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Lixia Guo / Money; Getty Images

We’re officially halfway through 2021. Whether you’re reading this poolside or during yet another stand-in-front-of-the-AC-unit break, it’s a perfect opportunity to reflect on your finances over the past six months and plan for how you’ll budget your money during the second half of the year.

That’s especially true for families whose lives are getting closer and closer to “back to normal,” as they prepare for in-person work and school come late summer. With the first monthly child tax credit payment hitting millions of bank accounts this month (more on that below) and back-to-school spending just around the corner, it’s important to make a plan for how you’ll make the most of your new cash flow.

Luckily, you’re not on your own in navigating your 2021 financial halfway point: That’s where Money comes in. Here are your top spending, saving and budgeting to-dos for July:

1. Half-yearly budget check-in

Remember January? For many of us, it’s probably blurred together in our memory with the other 16 months that the coronavirus pandemic turned life upside down. But now it’s time to dust off the cobwebs and take a look back at the winter and spring months of 2021.

Finance-related New Year’s Resolutions are incredibly common: In a poll from YouGov, 44% of Americans said they wanted to save more money in 2021. But giving up on your resolutions from over six months ago is also incredibly common, which is why now is the time to reflect on either how you’ve done so far, or how you want to be better with your money the rest of the year.

“It’s a good time for people to sit down and reexamine their spending, which likely slowed down over the past year,” says Tess Zigo, a financial advisor with Emerge Wealth Strategies. “But now you can start to question what you do and don’t miss, and what you want your spending to look like going forward.”

Are there any habits you’ve created that you want to hold onto? Or maybe you want to cut down on overspending in categories like ordering take-out or online shopping. Now is your chance to go over six months' worth of spending data and find out.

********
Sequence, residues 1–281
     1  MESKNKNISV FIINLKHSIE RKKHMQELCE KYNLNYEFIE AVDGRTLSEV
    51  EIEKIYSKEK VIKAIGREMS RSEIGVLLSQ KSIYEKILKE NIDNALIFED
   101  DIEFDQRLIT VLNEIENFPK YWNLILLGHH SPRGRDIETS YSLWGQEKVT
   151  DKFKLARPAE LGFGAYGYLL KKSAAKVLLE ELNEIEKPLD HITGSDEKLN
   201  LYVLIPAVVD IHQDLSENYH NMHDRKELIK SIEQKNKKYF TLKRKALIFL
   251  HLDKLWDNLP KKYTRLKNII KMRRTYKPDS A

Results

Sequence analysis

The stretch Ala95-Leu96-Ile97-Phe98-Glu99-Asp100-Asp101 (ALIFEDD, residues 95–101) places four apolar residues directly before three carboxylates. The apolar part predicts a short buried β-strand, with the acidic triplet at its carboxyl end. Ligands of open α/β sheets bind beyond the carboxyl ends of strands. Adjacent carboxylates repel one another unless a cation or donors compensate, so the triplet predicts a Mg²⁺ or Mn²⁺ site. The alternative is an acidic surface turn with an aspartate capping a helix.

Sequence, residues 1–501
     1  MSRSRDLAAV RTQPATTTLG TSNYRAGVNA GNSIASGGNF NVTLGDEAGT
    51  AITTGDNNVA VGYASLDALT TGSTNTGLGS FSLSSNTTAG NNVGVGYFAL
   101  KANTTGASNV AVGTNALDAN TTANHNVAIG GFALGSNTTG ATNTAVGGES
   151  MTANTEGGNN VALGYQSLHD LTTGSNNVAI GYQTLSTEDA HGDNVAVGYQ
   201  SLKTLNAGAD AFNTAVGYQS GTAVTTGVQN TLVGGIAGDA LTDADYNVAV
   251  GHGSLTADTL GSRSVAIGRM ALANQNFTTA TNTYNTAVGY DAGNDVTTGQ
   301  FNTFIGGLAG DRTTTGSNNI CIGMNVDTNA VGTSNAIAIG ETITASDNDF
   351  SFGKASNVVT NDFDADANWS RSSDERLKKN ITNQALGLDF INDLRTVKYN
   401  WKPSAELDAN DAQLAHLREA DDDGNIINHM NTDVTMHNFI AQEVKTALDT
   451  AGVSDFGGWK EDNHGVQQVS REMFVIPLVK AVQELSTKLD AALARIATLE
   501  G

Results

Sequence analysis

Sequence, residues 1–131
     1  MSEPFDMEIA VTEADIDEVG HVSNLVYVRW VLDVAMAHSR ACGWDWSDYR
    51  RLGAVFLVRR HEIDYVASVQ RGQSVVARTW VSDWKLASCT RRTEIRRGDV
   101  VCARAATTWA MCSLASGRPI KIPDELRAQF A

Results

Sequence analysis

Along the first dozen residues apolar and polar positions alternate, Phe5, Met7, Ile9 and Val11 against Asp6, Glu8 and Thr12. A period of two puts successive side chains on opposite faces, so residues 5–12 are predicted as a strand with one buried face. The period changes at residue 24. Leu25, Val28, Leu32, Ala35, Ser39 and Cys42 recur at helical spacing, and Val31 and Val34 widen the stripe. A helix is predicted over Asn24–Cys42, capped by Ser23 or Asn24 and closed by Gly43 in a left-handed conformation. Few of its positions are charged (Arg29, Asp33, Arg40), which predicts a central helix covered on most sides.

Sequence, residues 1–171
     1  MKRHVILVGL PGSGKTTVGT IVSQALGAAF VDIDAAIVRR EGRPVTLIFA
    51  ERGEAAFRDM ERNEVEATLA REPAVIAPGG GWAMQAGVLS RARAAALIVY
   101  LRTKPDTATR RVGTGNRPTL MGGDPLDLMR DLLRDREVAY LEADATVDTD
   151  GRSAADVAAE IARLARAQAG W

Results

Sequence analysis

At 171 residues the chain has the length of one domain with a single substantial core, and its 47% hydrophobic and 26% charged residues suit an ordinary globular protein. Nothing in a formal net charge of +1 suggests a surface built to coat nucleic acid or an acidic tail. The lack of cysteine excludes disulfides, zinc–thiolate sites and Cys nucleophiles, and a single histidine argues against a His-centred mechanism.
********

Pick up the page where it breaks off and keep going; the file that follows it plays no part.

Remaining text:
It might be useful for you to think about your budget in terms of prioritizing what you value most. For many, the pandemic has given people a chance to think about what they currently make a priority and whether or not that’s actually what they want to be spending their money and energy on. You might find you have the ability to free up potentially major amounts of cash for the experiences you want to prioritize going forward. Zigo says she’s had clients who were originally planning big, expensive weddings throughout the last year, only to turn around and decide they would rather elope with just their close family present.

“A lot of changes are coming from a place of deciding what your new values are,” Zigo says.

2. Get ready for your first child tax credit payment

The first of six monthly payments from the newly enhanced child tax credit is set to hit families’ bank accounts on July 15, providing parents with up to $300 per child each month through the end of 2021.

These payments are thanks to a provision in the American Rescue Plan, which boosted the typical $2,000 child tax credit to $3,600 for children under the age of 6 and $3,000 for all others under 18, made the credit fully refundable and made it so that half of each credit is dispersed via six advanced monthly deposits to eligible families.